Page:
The Sixth District Blue Dog

The Top Story by Chris Graham
freepress2@ntelos.net

I was introducing Sam Rasoul to a member of the Wayne Theatre Alliance board of directors a few months ago when I saw political hari-kari committed right before my very eyes.

The Wayne representative was talking about how hard it would be for him to vote against Bob Goodlatte considering Goodlatte’s efforts to help the Alliance get a $300,000 appropriations earmark passed through Congress earlier this year when Rasoul interrupted to note his strong philosophical opposition to congressional earmarks. I took him aside a few minutes later to try to explain to him the political ramifications of what he’d just said, but he was nonplussed.

“We’re not going to be able to do anything with our out-of-control federal spending until we do something about those earmarks,” Rasoul corrected me, and left an impression in the process.

It might be politically expedient to say that one doesn’t like earmarks, on the one hand, and then on the other make grabs for money for your home district, a political tightrope that Goodlatte has chosen to walk, and has done well, winning not only the $300,000 for the Wayne Theatre, but also close to a half-million dollars more for community projects in Lynchburg and Roanoke. Isn’t it funny, in that light, that it’s the supposed tax-and-spend liberal Democrat in the Sixth District race that is the one selling us on the notion that we need to restore fiscal discipline to the halls of Congress?

“Being a small-business owner, and understanding the basic premise that government should have a balanced checkbook, that’s pretty important to me. I believe like other Mark Warner-style Democrats that understand that government has a role, and we want it to play that role in an efficient manner, but also we know that we’ve got to be fiscally responsible about things,” said Rasoul, who signaled his intention to join a coalition of fiscal-conservative Democratic fellow travelers if elected in November to Augusta County blogger Riley Murray in an interview earlier this month.

“Balancing the budget is a matter of national security. We are undermining our economy by continuing with this deficit spending. That is why when I get elected to Congress I will be pushing to caucus with the Blue Dog Democrats,” Rasoul confirmed to me last week.

I’m not what you’d call unfamiliar with the concept of Blue Dog Democracy. The Augusta Free Press was for years the home to the Valley Blue Dog, Steven Sisson, a fiscal-conservative Democrat who ran for the 24th District State Senate seat held by moderate-conservative Republican Emmett Hanger in 2003. I called Sisson to get his take on Rasoul, more to the point, to try to get an idea as to whether Sisson is judging Rasoul’s verbal commitment to the Blue Dogs to be authentic.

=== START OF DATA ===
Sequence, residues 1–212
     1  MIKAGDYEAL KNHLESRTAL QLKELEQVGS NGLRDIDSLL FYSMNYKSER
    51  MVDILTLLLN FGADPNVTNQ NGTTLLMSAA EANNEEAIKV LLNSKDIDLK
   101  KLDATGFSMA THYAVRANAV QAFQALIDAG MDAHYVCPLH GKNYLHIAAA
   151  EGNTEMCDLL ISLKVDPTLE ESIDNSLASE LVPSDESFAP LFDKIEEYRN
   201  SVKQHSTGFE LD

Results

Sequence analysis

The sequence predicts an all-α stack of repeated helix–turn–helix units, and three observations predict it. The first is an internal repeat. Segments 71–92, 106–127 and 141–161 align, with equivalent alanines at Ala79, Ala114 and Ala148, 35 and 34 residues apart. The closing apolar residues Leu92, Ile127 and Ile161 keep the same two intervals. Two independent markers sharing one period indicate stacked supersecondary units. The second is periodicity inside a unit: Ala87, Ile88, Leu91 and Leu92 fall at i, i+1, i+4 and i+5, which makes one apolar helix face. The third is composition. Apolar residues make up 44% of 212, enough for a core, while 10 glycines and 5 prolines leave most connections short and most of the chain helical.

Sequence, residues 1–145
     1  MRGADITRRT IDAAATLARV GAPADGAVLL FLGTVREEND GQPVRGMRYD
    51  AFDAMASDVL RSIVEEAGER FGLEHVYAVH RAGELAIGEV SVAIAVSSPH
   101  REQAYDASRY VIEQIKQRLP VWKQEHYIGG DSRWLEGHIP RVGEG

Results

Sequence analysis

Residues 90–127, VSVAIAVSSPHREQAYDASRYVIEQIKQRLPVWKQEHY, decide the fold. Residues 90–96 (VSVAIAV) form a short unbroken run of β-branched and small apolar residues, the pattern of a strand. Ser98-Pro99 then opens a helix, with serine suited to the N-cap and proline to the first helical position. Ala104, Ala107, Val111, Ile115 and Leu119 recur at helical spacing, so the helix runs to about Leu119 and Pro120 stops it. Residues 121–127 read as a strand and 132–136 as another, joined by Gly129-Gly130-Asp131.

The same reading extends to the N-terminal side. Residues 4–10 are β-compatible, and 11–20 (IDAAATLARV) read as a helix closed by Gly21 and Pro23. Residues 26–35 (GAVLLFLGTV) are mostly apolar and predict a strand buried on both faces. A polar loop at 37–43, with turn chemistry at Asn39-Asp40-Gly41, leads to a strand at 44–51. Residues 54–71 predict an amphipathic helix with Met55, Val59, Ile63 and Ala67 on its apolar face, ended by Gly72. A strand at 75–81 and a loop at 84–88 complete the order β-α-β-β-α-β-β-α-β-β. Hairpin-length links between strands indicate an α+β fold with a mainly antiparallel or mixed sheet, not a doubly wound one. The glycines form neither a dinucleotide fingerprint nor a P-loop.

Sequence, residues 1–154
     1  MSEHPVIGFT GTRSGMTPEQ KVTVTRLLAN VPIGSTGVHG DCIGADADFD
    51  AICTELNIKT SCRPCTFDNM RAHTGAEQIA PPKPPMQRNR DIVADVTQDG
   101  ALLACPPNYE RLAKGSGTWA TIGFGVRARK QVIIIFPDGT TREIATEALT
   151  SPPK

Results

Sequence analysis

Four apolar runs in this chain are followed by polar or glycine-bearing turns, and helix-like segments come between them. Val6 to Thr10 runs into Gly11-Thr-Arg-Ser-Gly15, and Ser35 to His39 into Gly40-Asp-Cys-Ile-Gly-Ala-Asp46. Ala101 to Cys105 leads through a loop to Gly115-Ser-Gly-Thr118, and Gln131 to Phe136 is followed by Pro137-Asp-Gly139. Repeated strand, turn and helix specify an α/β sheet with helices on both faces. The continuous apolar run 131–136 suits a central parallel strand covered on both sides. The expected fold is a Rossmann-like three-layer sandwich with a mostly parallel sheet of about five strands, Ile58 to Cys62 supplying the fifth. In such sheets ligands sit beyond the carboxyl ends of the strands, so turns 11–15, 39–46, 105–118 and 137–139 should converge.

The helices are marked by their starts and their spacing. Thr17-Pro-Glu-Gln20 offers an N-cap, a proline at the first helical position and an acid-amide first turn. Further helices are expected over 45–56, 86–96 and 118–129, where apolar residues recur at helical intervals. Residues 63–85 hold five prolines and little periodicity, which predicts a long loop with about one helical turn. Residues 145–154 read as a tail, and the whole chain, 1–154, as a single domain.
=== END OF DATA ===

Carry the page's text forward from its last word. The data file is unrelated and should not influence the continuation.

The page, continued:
“I’m delighted Democrat Sam Rasoul will join the Congressional Blue Dog Coalition once elected. Promoting fiscal conservatism and accountability and reform in government has this Blue Dog running in circles and wagging his tail about candidate Sam Rasoul,” Sisson wrote to me in an e-mail.

Sisson met Rasoul earlier this year and walked away impressed with the nominee’s ideas for government reform, health care and energy policy. “I’ve decided it’s time for a change. I’m voting for Sam,” Sisson wrote. “Honestly, President George Bush and his GOP congressional leadership should be receiving a ‘Go To Jail’ card for bankrupting our nation’s economy and the resulting higher food and fuel cost, which is sending all of us to the poorhouse.”

The blogger Murray is another fiscal-conservative Dem who has Rasoul’s back on budget matters. “Rep. Goodlatte talks a lot about conservative tax policy. But it’s really a mixed bag with him. If you look at the truly conservative people in the district, they’re seeing a problem with the amount of deficit spending and the national debt. I think there’s some vulnerability there as far as what Rep. Goodlatte is saying,” Murray told me.

In defense of Goodlatte, I’ll say here that I can see some wisdom to his approach to at the same time work to put to death the earmarks process that adds untold billions to our annual deficit and national debt and work to bring some of the largesse back home to the district so that the Sixth doesn’t miss out on getting its fair share, or its unfair share, depending on your perspective. But you can see me hedging there, can’t you? And it’s because we’re never going to get ourselves out of the fiscal hole that is federal overspending if we continue to grab, grab, grab even as we try to bring about the necessary budget reforms.

“This is fundamental to my campaign and fundamental to my principles as a fiscal conservative,” said Rasoul of his commitment to Blue Dog Democratic principles. “There is a healthy middle in politics where we can find a way for government to work efficiently and at the same time balance our budgets. This has been something where I have believed that our current administration has done some long-term harm to our country by doubling our debt,” Rasoul said.

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